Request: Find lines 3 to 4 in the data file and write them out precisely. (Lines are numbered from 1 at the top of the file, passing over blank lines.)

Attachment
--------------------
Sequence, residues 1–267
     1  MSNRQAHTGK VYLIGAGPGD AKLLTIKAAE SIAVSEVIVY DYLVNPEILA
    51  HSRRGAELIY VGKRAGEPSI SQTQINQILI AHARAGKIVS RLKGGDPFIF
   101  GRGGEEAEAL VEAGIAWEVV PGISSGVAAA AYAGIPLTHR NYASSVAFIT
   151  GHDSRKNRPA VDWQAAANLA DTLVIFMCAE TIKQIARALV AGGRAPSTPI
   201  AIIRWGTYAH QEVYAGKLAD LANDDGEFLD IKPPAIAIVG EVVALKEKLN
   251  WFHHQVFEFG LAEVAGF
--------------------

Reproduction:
    51  HSRRGAELIY VGKRAGEPSI SQTQINQILI AHARAGKIVS RLKGGDPFIF
   101  GRGGEEAEAL VEAGIAWEVV PGISSGVAAA AYAGIPLTHR NYASSVAFIT